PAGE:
Film, Licentiate Columns

Licentiate Column 24/02/11 The Red Shoes

Have you ever heard the Tale of the Red Shoes, written by Hans Christian Anderson? A vain girl tricks her adoptive mother into buying her a pair of much-coveted red shoes, which causes her to pay no attention in church. She stops attending services and goes to a party in her bescarleted feet instead. Once she starts to dance, the shoes will not allow her to stop. She dances and dances without an end in sight, through storms, through her mother’s funeral, until she reaches the point of insanity or death, when a man take mercy on her and chops off her feet.

She eventually realises the folly of emotionally blackmailing a parent into irresponsible shoe buying, then she dies. So, a happy ending for everyone involved. Or maybe not.

In 1948, a seminal dance film was released, also called The Red Shoes. In it, aspiring prima ballerina Vicky Page gets the chance to dance the lead role in the titular ballet, but eventually has to choose between love of a man or love of her art, symbolised potently in the form of a pair of red ballet slippers. The consequences are predictably disastrous.

That’s the trouble with red shoes: They symbolise the things that a woman are, very unfairly, restricted from freely having. These stories are designed to encourage women to conform. Dedicate yourself to your artistic passion instead of looking after a husband? Indulge in hedonism and freedom of self expression? Be an independent person who answers only to herself? Then prepare to have your legs chopped off with a rusty axe before repenting your wicked, wicked ways.

Even now, the world at large doesn’t want us to own a pair of proper red shoes. After spending a day in town with my friend Fiona, bemoaning the dearth of such appendages, she came home and asked a question on Facebook; ‘what do red shoes mean?’ The answers were varied, but the real corkers included such gems as ‘red shoes, no knickers’ and ‘red shoes = Amsterdam window girl’. Apparently, only whores get to don red shoes.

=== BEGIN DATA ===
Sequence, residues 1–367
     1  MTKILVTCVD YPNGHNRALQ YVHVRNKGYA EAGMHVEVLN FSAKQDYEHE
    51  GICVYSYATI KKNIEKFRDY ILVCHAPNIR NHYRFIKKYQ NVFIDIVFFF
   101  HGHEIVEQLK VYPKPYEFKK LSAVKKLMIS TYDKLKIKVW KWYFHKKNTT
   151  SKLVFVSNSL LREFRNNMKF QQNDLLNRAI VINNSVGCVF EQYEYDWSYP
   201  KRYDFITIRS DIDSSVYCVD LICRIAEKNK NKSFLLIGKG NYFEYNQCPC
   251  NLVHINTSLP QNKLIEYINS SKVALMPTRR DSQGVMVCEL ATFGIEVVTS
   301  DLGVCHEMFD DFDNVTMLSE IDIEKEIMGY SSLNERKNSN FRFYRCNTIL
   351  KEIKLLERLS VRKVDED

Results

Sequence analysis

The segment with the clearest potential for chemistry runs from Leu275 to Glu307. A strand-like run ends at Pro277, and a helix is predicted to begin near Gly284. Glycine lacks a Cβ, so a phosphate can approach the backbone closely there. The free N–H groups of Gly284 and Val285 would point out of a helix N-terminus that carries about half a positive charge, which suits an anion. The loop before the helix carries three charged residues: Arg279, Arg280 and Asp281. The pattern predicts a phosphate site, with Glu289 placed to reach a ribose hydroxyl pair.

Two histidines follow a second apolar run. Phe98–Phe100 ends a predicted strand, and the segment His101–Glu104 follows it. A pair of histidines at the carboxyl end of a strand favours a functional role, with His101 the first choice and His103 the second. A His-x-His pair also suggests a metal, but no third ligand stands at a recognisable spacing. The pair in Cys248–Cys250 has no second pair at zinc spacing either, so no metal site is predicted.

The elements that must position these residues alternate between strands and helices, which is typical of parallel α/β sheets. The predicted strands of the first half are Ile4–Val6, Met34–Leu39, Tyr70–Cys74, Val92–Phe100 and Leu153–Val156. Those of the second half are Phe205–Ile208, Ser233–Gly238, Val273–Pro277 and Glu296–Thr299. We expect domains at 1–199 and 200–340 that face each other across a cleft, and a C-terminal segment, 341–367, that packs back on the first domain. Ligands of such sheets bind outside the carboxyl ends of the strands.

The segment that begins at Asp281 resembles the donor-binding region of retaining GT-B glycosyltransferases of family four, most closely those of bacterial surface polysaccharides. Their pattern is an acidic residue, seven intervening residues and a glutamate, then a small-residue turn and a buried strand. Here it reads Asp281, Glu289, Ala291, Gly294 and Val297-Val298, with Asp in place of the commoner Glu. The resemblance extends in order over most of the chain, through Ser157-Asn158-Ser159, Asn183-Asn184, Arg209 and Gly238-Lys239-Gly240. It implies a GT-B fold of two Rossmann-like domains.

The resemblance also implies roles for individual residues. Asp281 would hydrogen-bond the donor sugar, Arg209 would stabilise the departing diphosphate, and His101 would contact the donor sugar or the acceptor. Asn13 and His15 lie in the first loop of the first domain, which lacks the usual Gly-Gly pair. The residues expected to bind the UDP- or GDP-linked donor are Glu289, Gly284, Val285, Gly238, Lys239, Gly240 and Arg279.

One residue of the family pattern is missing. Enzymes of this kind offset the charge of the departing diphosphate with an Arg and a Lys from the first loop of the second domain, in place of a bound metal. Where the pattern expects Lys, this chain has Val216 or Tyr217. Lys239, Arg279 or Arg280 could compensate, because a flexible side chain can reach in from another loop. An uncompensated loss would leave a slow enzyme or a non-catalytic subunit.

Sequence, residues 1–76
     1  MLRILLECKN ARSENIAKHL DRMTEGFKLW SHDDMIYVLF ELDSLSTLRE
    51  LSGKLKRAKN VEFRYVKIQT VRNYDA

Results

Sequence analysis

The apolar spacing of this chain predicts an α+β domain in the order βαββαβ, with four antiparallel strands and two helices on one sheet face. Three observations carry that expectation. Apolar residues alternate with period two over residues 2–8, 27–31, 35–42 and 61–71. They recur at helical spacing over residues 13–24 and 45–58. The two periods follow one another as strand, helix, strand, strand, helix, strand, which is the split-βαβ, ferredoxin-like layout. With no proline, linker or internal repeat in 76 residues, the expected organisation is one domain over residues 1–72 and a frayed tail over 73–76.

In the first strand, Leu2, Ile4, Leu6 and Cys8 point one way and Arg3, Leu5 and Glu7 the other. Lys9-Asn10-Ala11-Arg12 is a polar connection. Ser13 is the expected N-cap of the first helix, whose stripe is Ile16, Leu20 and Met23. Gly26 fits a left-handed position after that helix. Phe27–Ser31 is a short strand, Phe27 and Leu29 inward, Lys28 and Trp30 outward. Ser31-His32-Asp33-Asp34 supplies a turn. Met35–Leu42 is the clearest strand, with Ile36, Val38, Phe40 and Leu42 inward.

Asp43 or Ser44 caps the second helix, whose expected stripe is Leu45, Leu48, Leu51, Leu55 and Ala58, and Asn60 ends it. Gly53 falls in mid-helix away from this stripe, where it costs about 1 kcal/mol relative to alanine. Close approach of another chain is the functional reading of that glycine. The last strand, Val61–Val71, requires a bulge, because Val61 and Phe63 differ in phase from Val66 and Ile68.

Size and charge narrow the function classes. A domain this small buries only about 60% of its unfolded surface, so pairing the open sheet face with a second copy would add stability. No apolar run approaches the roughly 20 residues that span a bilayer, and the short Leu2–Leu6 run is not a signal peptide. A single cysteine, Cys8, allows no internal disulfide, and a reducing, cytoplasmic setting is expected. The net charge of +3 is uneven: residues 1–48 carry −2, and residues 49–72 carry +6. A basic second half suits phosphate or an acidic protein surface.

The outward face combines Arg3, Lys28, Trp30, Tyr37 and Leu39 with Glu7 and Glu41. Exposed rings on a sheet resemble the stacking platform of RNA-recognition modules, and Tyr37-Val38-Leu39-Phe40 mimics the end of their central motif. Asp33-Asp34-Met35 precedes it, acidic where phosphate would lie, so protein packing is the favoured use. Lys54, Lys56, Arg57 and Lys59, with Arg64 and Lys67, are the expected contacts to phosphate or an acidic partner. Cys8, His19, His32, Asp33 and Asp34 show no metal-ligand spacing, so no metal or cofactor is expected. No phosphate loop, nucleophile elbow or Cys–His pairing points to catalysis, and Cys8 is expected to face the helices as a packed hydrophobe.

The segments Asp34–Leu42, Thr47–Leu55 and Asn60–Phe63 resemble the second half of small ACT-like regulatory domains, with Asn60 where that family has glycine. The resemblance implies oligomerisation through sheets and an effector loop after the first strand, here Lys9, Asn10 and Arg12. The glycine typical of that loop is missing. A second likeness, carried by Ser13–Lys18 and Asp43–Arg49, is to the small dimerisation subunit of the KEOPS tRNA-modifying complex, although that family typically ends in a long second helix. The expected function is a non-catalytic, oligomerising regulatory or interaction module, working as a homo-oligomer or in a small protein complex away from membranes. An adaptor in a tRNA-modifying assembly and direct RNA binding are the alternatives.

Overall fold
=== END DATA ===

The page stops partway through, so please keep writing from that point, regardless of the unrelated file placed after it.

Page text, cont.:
In this day and age, it’s surprising that such asinine restrictions actually exist in terms of a simple primary colour. I want a pair of red shoes. Preferably with a very high heel and all kinds of ribbons and general fripperies. And yet, I have never ever had sex in exchange for money – what kind of topsy-turvy world do we live in?

My non-purchase is not as a result of these utterly sophomoric preconceptions; it’s the conditions that these preconceptions may have precipitated. There are just no nice red shoes to be had. Of the 1000 or so pairs of women’s shoes available on behemoth e-tailer ASOS.com, just fifteen are red, and even then, maybe only two pairs are even slightly close to that particular shade or rich, tomatoey, viscid, brilliantine red that has provoked centuries-long controversy.